Metcalf said The FungusAmongus board of directors, which includes himself, Jon Benson (treasurer), Beth Cronk, Barry Mielke, Elisabeth Nelson (chair), Steve Nelson, John Ryan (vice chair), Kurt Schultz, Dawn Schaefer Stumpf, and Becky Hungerford, dedicate themselves to reading scripts “with an eye toward their potential for inclusion in our season.”

As the company’s artistic director, Metcalf makes the final call on which shows will be produced.

“I have always tried to find shows that will appeal to a broad spectrum of interests, age level, and sentiment, with an emphasis on literary merit and educational value,” he said.

“Community theater allows for more flexibility in including actors from a range of ages.” Metcalf continued. “It is gratifying to see younger actors learn dedication, responsibility, and craft from the adults, who, in turn, are inspired by the energy, enthusiasm – and often genius – of the young’uns.”

Metcalf said the bottom line in choosing a show for production is simple – it is all about the quality of the script.

The seasoned director said he looks for scripts which tell an interesting story, evoke both laughter and pathos, are relatable to the audience, evoke some nostalgia or promote universal values, present acting challenges that might advance an actor’s craft, and stories that offer the audience something new, or highlight a new perspective.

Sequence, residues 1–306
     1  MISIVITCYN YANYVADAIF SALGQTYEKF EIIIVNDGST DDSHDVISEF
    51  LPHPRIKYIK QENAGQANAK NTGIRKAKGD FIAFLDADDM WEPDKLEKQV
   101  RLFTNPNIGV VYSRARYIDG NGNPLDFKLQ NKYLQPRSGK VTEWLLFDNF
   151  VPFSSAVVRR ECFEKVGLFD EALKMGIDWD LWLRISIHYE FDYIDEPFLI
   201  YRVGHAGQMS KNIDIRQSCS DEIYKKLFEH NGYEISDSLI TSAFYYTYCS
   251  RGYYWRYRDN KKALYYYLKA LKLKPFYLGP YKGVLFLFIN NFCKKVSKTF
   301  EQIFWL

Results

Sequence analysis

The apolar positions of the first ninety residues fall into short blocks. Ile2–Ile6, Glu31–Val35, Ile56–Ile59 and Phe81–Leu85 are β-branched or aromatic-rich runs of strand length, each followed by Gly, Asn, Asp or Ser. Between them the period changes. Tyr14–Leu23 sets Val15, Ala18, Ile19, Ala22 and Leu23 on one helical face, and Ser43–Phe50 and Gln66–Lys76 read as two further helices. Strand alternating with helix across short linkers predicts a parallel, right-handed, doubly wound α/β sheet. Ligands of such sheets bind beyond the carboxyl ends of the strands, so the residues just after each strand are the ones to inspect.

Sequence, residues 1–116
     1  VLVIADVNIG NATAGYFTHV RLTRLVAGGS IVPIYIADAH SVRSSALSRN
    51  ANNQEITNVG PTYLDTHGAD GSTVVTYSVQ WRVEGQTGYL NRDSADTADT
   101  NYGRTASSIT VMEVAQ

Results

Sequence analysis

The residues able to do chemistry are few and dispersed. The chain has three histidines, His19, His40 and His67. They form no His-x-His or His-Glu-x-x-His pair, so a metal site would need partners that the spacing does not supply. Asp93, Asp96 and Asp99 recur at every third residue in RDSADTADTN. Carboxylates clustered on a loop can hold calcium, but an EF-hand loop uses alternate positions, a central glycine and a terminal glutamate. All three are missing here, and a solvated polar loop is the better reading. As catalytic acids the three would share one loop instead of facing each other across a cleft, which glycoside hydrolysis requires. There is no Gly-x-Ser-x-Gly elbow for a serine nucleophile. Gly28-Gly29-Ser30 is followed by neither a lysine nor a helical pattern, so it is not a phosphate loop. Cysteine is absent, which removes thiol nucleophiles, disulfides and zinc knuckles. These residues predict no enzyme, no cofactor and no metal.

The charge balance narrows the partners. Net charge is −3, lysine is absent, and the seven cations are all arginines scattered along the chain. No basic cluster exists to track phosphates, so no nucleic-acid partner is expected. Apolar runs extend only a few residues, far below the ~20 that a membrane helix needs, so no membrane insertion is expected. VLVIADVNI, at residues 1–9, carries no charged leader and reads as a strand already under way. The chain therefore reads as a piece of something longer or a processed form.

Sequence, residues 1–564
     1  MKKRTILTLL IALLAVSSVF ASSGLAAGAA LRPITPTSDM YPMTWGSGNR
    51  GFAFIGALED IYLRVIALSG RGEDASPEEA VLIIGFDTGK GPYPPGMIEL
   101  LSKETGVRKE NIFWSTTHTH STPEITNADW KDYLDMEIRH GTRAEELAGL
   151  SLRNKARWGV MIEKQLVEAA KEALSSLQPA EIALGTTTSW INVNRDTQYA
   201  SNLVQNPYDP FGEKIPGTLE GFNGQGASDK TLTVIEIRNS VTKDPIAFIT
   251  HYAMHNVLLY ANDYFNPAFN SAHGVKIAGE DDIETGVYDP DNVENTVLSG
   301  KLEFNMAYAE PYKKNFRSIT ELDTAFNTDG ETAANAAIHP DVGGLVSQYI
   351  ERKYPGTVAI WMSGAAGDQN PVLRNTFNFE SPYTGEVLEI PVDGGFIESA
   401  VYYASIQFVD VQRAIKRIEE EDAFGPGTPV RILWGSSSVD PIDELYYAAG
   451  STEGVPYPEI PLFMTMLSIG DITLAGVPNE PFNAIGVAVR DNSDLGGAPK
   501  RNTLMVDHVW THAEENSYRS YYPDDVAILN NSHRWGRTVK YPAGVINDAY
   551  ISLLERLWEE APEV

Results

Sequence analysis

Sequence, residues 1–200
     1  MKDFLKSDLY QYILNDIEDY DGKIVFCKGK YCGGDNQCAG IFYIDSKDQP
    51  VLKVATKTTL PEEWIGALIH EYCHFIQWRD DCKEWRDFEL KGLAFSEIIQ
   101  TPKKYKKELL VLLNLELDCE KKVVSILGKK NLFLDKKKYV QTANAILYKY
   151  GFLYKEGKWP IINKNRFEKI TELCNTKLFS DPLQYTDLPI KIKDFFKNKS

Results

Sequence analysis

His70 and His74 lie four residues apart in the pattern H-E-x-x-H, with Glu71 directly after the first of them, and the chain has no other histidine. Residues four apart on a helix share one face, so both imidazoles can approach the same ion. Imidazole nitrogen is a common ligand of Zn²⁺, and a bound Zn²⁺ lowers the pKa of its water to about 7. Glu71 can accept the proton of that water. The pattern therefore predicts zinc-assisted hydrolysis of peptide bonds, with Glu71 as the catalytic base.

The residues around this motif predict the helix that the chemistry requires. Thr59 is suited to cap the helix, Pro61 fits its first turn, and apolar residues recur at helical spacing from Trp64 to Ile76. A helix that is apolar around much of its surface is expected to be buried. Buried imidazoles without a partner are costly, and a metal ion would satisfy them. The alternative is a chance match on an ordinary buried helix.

A lot of rehearsal in a little time frame

Metcalf indicated the rehearsal process is always quite involved, but tends to follow a pattern.

First, Metcalf said, the cast reads through the play together, noting character traits and relationships and interactions with other characters.

Next, the company breaks down the play into segments, and looks at the arc of dynamics within that section.

The third step is blocking the scenes. (Blocking can be compared to choreography. Blocking determines where, when, and how each character moves around the stage.)

When blocking is complete, Metcalf said he layers in “details of movement, and develops emotional involvement.”

Next comes repetition, until the actors are comfortable moving and delivering dialogue in their character’s shoes.

As characters continue to develop, technical elements such as props, scenery, lighting, audio, music, and special effects are gradually added.

As the opening curtain draws near, the cast and crew perform the play in its entirety, looking for areas in need of “adjustment or opportunities for creative enhancement,” Metcalf said.

As the timer ticks down, the cast and crew refine their pace and timing, and block the curtain call.

Metcalf knows that if The FungusAmongus Players build it, the audiences will come.

“One must understand that we are blessed with a highly sophisticated local theater audience,” he said. “Though rural geographically, our community is tremendously supportive, encouraging, and generous,” Metcalf said. “They understand sincere effort and recognize performance quality.”

How to get show tickets - or get involved

Those interested in obtaining season tickets, individual show tickets, or making a donation may accomplish any or all of that by visiting the company’s website at www.fungusamongusplayers.org. Visitors may also find information about upcoming auditions on the website.